Now unions are not perfect by any means. But they are the main bulwark workers have against job instability, job loss, and poverty. They are also the main lobby workers have in the government for things that benefit all people like Social Security, Medicare, and the minimum wage. Plus the main groups fighting for things we don't have, but should. Like a single-payer national health care system or a cradle-to-grave living wage irrespective of employment status.

Unions have a lot of ways to fight for job stability, better wages and benefits and societal programs that benefit everyone, but the most powerful weapon they have historically used is withholding their labor - striking - until their demands are met. These days it can be frighteningly easy for owners to end-run strikes, bring "replacement workers" (better known to workers as scabs), and fire all the original workers. But not so easy that unions won't still strike when they are pushed far enough.

So one of the most important things that workers of all kinds can do for other workers when they are striking is called "solidarity." Showing solidarity means lots of things, but at base it means not getting pissed off if you are inconvenienced because striking workers make your life somewhat difficult for a while.

Like in the current situation. Let's say the 9000 Verizon workers go on strike next Friday. Managers and temps will be asked to step in and do their jobs. This will, of course, not work - because some of the striking workers do very dangerous work like repairing downed phone lines that untrained people simply can't do. Also, because it's difficult to replace that many skilled workers quickly. This is one of the reasons why Verizon workers haven't already lost their unions like workers in so many other sectors have. They are very skilled, and not easily replaced.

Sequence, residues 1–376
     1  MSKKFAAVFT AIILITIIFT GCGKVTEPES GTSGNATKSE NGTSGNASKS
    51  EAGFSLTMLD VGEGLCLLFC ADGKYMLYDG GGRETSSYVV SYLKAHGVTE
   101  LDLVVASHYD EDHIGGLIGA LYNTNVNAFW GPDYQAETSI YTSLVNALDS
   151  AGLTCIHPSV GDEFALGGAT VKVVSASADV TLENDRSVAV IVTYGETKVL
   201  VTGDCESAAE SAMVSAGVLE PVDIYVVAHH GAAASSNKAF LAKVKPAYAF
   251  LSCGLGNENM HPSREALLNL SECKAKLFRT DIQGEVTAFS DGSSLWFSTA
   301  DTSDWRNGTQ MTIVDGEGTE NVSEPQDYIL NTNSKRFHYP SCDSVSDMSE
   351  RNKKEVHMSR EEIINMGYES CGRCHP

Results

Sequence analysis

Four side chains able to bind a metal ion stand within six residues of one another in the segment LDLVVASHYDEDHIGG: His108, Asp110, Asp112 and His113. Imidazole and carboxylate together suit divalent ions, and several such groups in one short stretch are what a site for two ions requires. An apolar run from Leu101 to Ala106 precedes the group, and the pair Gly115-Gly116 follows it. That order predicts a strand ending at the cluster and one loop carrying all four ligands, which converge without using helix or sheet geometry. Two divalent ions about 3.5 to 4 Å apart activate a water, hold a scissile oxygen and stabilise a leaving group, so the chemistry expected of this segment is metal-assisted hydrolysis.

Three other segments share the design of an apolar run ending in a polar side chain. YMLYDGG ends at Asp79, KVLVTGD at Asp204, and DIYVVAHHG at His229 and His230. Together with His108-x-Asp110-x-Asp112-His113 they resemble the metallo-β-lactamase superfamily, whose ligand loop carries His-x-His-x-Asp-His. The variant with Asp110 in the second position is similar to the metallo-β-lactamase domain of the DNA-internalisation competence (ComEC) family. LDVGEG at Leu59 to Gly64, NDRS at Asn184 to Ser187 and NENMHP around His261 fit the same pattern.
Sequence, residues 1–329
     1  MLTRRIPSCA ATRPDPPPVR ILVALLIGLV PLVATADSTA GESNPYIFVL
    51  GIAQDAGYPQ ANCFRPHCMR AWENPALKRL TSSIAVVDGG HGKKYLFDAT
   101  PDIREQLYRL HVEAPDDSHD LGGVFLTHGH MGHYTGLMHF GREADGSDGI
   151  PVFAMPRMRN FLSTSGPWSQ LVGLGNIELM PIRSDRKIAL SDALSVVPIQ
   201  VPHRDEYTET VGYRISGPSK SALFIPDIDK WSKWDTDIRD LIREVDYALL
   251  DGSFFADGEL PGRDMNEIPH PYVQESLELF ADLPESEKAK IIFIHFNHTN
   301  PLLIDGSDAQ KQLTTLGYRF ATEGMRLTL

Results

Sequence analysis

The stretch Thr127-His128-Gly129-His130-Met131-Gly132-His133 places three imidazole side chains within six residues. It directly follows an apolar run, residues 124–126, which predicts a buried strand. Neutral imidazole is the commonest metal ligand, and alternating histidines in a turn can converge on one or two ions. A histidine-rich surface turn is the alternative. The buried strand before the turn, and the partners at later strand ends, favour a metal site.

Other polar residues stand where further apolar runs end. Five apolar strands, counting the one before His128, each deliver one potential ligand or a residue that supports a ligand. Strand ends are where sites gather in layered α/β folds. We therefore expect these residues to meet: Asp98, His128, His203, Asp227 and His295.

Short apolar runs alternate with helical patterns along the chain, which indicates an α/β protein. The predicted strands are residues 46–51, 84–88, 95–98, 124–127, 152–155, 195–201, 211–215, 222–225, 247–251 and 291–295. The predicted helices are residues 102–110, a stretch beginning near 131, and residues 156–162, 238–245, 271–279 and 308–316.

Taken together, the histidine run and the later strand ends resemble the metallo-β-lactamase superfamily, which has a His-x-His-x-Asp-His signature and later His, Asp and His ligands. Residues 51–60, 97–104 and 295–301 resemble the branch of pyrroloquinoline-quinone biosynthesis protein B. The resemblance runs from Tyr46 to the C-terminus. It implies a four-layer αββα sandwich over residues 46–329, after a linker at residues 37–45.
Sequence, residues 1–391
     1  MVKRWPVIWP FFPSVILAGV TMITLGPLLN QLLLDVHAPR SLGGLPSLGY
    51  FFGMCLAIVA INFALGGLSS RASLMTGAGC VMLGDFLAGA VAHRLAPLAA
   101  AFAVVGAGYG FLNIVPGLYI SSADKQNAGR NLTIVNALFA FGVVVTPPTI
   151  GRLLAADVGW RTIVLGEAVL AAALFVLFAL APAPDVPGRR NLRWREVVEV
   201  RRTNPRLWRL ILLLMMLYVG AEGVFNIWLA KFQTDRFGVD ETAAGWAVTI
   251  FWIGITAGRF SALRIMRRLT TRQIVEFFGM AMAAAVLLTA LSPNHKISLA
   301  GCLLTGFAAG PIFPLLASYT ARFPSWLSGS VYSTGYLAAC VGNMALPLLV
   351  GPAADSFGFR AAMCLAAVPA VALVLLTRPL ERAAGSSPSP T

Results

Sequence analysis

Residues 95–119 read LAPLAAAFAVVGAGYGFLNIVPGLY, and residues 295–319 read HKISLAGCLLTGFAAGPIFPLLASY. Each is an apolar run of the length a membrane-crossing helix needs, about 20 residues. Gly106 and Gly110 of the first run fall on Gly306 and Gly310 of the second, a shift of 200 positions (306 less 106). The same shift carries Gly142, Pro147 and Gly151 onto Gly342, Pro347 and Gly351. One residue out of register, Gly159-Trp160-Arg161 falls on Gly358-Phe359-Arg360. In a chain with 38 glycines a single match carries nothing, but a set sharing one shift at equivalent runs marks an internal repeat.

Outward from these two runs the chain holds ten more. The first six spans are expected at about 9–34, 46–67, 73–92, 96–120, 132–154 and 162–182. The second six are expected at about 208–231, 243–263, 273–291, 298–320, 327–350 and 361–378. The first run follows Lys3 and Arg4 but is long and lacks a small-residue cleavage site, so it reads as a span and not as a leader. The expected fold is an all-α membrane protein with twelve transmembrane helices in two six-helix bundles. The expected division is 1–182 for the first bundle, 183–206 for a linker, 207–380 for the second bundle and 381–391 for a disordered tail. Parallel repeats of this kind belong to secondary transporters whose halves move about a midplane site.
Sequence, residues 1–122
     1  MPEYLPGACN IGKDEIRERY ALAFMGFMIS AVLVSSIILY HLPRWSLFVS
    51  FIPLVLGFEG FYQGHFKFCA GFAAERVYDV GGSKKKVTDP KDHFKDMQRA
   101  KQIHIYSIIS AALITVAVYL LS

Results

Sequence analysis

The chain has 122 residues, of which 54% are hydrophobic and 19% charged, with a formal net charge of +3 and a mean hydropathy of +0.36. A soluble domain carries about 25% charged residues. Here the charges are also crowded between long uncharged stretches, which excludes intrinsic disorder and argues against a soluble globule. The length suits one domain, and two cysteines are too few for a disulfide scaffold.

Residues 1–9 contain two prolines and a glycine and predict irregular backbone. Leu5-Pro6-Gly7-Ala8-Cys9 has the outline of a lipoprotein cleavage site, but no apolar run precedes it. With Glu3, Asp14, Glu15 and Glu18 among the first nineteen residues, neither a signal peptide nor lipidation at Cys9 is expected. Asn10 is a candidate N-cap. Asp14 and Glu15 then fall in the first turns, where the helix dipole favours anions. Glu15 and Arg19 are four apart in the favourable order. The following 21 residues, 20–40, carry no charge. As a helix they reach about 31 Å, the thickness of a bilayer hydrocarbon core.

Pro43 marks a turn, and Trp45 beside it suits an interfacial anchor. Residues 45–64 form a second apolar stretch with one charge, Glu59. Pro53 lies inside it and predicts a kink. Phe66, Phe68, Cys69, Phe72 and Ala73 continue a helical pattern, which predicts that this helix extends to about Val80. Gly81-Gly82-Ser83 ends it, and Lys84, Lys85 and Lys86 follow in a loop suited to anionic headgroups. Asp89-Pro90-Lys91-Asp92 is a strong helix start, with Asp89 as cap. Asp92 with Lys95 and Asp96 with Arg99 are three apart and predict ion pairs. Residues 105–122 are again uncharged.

So their might be problems with phone service after a few days of a telephone workers strike. This being the 21st century there might also be problems with (horrors!) DSL lines and other information services that a giant telecom like Verizon provides.

The advice we can give you from Open Media Boston if that happens. Deal with it. Suck it up. Know that every victory for a union in this day and age is a victory for all working people.

Better yet, if it comes to a strike, help out the Verizon workers. Go join a rally or a picket line - and bring some cash to donate to the strike fund while you're at it. Help the union lobby government officials to support the union rather than attacking it. Pass resolutions in your own community or religious organization to support the strike.

Show solidarity, and like good karma it will come back to you one day. Maybe you'll decide to try to organize fellow workers at your workplace into a union one day (here's hoping). Maybe you'll even go out on strike. Then where are you going to turn for help? To other unions. And you know what? They'll back you up. The best of them and even some of the worst of them will. They're good at that. They know the score.

Who knows? If this kind of attitude spreads around among working people some more in the years to come we could see a resurgent labor movement winning some big gains. But for now, here's what ... if the Verizon workers go out on strike next week, support them. Try solidarity on for size. You might find you like it.

We know it sounds a bit corny and old-fashioned. But just this kind of corniness built the labor movements that allowed the children of peasants and serfs from all over the world to become university professors and doctors and journalists (couldn't resist that one), and yes, telephone linesmen. With good wages, and benefits and job security. So, think it over. Side with the owners, who, trust us, do not have your back? Or with the unions.

We'll stand with the unions. But you all already knew that.

Now where do you stand?